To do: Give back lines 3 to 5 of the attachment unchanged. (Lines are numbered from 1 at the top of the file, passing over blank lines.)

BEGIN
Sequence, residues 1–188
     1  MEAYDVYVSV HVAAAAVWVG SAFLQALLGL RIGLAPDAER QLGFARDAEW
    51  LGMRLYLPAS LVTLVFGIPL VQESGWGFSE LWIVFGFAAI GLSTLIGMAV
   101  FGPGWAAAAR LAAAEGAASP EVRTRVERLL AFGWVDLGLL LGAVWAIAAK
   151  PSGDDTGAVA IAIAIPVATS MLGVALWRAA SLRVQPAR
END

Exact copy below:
    51  LGMRLYLPAS LVTLVFGIPL VQESGWGFSE LWIVFGFAAI GLSTLIGMAV
   101  FGPGWAAAAR LAAAEGAASP EVRTRVERLL AFGWVDLGLL LGAVWAIAAK
   151  PSGDDTGAVA IAIAIPVATS MLGVALWRAA SLRVQPAR